If you’ve become a home owner in the past five years it might be worth getting an appraisal – you’re probably sitting on a “mountain of equity”.
As we’re all aware, house prices have soared lately. And while that’s bad news for rapidly worsening inequality, it also means those that do own a home could save money on their mortgages, upgrade their properties or even borrow to finance that renovation they’ve been wanting to get done.
Refinancing could save you thousands in interest repayments a year.
You’ll be in a particularly strong position if you’ve also been able to keep up with your mortgage repayments during COVID, because you now own a larger proportion of a house that has rapidly increased in value lately.
It’s a virtuous cycle that’s making the gap between the haves and have-nots much larger in Australia by pushing up property prices even faster.
Owner-occupiers have been the keystone of the latest property boom, with most being existing owners upgrading their homes.
Who could blame them? RateCity research published this week finds an owner-occupier in Sydney who bought at the median price in 2019 with a 20 per cent deposit has now seen their wealth increase by $402,000.
Apply the same conditions to Melbourne and wealth has risen $192,000.
This assumes property owners kept up with their mortgage repayments, which the majority of home owners have done while working from home and taking part in a $300 billion government cash splash during COVID.
“Millions of home owners are sitting on a growing mountain of equity, some without even realising it,” RateCity research director Sally Tindall said.
How to benefit
If you’re in this situation, getting the value of your home appraised could be the first step to a better home loan or moving up the property ladder.
“If you’ve owned your own home for at least a couple of years, and have been diligent about paying down your debt, you could refinance to a lower rate,” Ms Tindall said.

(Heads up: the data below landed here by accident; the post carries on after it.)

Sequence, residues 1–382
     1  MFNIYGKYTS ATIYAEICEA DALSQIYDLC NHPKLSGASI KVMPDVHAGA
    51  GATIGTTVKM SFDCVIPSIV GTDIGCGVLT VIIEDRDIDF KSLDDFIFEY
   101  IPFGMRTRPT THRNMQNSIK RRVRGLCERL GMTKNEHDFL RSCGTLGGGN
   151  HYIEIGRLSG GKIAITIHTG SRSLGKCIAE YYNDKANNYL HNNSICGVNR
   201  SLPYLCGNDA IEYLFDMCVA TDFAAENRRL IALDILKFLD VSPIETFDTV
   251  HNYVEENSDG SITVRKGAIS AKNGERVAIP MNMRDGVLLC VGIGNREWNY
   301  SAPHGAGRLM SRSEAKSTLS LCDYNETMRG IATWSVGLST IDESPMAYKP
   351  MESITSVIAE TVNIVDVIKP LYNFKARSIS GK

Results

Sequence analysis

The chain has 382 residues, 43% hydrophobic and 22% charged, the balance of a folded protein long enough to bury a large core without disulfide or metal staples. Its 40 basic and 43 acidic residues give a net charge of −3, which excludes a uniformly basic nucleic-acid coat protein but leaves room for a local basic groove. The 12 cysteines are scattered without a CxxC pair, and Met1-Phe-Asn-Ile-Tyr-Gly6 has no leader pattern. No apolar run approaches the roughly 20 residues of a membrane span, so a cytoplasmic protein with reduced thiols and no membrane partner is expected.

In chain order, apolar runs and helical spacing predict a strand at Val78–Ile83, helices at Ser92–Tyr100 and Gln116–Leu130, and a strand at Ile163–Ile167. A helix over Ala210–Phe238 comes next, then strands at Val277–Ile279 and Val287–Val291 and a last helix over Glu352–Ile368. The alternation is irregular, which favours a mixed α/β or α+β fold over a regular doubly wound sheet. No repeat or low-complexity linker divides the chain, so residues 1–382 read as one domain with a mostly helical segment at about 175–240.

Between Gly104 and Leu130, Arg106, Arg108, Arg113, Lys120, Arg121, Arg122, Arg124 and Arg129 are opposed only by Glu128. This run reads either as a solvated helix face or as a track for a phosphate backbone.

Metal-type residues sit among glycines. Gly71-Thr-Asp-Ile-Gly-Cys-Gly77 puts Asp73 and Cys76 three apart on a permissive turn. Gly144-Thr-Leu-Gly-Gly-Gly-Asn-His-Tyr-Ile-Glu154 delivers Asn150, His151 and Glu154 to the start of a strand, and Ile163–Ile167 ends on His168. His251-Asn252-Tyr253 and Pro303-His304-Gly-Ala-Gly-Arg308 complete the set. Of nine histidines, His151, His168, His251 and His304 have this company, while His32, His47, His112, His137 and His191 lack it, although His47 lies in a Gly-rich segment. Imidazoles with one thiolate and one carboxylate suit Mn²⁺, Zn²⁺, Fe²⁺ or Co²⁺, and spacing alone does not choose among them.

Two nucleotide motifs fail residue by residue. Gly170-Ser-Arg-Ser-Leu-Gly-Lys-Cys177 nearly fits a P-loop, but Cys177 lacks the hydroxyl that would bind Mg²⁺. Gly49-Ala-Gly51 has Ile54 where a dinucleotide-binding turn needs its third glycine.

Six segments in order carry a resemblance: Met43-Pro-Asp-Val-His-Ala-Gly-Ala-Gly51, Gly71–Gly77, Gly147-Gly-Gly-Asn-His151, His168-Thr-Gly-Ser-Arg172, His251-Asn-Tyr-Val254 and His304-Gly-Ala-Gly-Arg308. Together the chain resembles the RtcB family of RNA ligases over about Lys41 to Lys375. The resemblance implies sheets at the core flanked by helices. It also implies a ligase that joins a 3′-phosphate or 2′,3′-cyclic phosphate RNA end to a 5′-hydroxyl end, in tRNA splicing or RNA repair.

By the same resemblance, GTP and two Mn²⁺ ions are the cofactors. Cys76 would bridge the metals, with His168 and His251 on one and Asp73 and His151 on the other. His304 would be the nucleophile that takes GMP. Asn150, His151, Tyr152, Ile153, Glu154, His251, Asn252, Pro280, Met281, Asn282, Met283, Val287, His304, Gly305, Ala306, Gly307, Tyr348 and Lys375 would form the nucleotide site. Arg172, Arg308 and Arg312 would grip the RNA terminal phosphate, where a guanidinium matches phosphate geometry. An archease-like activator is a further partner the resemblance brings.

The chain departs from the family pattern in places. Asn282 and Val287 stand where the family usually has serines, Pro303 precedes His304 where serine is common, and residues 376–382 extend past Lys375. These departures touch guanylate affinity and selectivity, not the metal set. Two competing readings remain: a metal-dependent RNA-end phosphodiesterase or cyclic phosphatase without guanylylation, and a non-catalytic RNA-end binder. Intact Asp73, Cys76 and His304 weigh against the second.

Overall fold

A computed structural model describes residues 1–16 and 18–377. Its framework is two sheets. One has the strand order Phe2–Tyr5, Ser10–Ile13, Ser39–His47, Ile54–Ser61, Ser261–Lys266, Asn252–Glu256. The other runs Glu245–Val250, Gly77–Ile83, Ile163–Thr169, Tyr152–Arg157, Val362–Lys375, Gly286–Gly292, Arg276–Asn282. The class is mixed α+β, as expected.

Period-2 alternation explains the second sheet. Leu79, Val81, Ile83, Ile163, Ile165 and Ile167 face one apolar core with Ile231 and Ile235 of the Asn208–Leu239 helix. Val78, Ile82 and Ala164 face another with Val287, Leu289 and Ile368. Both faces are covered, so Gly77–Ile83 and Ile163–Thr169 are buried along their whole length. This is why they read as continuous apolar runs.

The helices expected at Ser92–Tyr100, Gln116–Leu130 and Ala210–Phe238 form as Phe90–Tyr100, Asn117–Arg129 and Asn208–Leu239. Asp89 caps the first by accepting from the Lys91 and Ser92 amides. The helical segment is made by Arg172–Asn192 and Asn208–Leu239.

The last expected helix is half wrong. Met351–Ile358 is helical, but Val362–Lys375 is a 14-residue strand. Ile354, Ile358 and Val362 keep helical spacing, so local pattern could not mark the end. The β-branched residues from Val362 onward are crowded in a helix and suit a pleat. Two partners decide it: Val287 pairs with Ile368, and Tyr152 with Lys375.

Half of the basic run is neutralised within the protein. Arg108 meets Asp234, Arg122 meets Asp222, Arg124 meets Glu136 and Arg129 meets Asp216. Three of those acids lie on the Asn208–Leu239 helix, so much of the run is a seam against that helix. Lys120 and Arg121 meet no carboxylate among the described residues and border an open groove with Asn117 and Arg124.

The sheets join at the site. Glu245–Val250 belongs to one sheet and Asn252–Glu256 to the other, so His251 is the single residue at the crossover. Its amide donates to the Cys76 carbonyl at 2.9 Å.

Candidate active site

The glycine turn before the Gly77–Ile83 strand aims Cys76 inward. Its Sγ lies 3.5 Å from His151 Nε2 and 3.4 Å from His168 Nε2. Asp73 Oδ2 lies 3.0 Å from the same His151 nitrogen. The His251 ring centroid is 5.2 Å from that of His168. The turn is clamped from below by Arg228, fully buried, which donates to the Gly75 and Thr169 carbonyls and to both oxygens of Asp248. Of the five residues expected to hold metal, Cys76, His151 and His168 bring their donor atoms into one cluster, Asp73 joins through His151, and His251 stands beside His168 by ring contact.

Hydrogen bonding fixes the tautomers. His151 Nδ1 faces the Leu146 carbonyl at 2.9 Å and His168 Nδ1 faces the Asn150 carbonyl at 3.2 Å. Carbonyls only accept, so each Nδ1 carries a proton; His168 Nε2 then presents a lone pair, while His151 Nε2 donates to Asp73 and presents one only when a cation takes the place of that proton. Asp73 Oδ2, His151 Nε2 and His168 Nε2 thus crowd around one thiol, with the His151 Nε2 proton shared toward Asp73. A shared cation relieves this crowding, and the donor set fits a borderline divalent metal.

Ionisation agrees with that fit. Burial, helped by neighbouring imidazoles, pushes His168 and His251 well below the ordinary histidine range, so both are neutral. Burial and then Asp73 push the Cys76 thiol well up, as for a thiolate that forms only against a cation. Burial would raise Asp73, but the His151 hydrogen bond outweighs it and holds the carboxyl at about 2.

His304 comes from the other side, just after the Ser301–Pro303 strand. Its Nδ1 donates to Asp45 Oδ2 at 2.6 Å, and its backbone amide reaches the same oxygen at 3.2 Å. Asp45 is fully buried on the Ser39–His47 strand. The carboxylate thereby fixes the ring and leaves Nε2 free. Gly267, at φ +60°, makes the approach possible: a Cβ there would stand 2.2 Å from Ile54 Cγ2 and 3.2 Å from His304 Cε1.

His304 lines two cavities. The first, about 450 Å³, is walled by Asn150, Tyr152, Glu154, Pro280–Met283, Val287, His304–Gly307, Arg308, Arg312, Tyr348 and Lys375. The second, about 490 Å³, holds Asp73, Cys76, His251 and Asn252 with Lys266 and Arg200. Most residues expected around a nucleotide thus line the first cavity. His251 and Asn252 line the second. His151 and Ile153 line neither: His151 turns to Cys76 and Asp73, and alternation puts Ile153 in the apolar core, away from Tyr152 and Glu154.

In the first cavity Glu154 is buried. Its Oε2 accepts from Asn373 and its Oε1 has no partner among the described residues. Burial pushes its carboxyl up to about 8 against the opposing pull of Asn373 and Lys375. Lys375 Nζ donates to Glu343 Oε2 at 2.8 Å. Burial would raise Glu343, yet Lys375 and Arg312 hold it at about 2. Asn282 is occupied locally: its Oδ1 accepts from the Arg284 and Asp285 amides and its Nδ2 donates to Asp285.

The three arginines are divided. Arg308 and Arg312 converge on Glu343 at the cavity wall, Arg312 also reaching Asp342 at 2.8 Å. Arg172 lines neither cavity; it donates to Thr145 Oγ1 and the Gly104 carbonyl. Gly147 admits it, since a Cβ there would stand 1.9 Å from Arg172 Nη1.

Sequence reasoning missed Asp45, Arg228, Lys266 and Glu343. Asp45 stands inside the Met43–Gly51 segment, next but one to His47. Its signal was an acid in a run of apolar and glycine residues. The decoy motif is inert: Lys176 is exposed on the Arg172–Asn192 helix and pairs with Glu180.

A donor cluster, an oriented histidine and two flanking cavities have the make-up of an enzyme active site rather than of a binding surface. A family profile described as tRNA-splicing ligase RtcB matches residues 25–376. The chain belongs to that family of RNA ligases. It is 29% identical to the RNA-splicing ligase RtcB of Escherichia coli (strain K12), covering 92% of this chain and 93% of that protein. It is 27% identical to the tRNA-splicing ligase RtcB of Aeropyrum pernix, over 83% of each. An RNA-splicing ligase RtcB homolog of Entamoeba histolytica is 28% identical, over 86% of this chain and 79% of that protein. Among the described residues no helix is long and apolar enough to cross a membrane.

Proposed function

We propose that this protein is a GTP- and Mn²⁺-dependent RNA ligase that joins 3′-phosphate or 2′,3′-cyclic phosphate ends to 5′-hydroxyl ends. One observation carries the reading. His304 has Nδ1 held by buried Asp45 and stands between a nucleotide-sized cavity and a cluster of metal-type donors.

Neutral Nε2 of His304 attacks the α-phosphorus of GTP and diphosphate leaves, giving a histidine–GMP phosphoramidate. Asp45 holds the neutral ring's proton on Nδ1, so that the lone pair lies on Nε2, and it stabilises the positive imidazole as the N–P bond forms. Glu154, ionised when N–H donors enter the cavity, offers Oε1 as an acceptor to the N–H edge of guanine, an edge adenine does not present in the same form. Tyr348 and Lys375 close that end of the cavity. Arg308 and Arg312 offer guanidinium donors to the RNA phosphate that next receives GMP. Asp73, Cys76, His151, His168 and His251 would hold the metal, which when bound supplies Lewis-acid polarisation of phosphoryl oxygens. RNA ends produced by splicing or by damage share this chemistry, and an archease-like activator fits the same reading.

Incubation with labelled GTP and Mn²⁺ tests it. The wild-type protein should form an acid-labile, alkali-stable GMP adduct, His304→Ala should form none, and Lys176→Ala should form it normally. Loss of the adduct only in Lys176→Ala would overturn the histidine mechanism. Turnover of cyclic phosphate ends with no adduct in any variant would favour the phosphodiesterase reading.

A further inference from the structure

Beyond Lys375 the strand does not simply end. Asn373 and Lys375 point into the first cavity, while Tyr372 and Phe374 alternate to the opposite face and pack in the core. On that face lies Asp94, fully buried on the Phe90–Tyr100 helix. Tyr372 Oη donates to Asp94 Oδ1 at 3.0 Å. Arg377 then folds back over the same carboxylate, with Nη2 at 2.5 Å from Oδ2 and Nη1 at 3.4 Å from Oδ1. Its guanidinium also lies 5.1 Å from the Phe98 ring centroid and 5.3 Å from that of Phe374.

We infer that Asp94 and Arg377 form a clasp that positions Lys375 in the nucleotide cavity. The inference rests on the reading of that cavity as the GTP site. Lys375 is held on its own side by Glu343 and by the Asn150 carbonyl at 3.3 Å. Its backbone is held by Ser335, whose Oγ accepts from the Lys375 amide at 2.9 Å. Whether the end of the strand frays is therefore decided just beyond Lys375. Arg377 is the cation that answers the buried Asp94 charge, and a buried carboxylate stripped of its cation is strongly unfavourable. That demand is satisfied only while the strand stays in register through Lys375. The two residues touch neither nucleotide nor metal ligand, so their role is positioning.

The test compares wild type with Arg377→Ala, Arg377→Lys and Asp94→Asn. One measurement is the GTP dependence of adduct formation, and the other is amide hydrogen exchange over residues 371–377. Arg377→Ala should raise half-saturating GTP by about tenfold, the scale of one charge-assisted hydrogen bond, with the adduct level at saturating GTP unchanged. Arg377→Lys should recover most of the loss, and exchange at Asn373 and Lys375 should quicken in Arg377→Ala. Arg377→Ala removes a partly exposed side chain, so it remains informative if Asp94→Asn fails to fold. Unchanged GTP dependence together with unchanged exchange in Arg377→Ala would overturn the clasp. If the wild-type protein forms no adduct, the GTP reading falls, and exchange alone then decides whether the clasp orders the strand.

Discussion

“Lots of lenders offer interest rate discounts to new customers with loan-to-value ratios below 70 per cent, including ‘big four’ banks CBA and Westpac.”
What’s a loan-to-value ratio? Put simply, it’s the difference between the size of your home loan and the value of your property.
So, as an example, if your home is worth $1 million and your mortgage is $100,000 you have a loan-to-value ratio (LVR) of 10 per cent.
The lower your LVR, the easier it will be to refinance your loan at a lower interest rate or to borrow more to buy a higher-value property.
First-home buyers might also be able to remove the guarantor on their loan sooner than they thought because of rapidly increasing prices.
About 58 per cent of the lowest variable interest rates available are open only to those with deposits of 30 per cent or more, RateCity said.
In other words, rising property prices may have moved you into the club of home owners that can achieve lower interest rates on their mortgages.
A median Sydney property purchased on an 80 per cent LVR in 2019 could now be refinanced on an LVR as low as 55 per cent.
If those conditions are applied in Melbourne, the LVR falls to 63 per cent.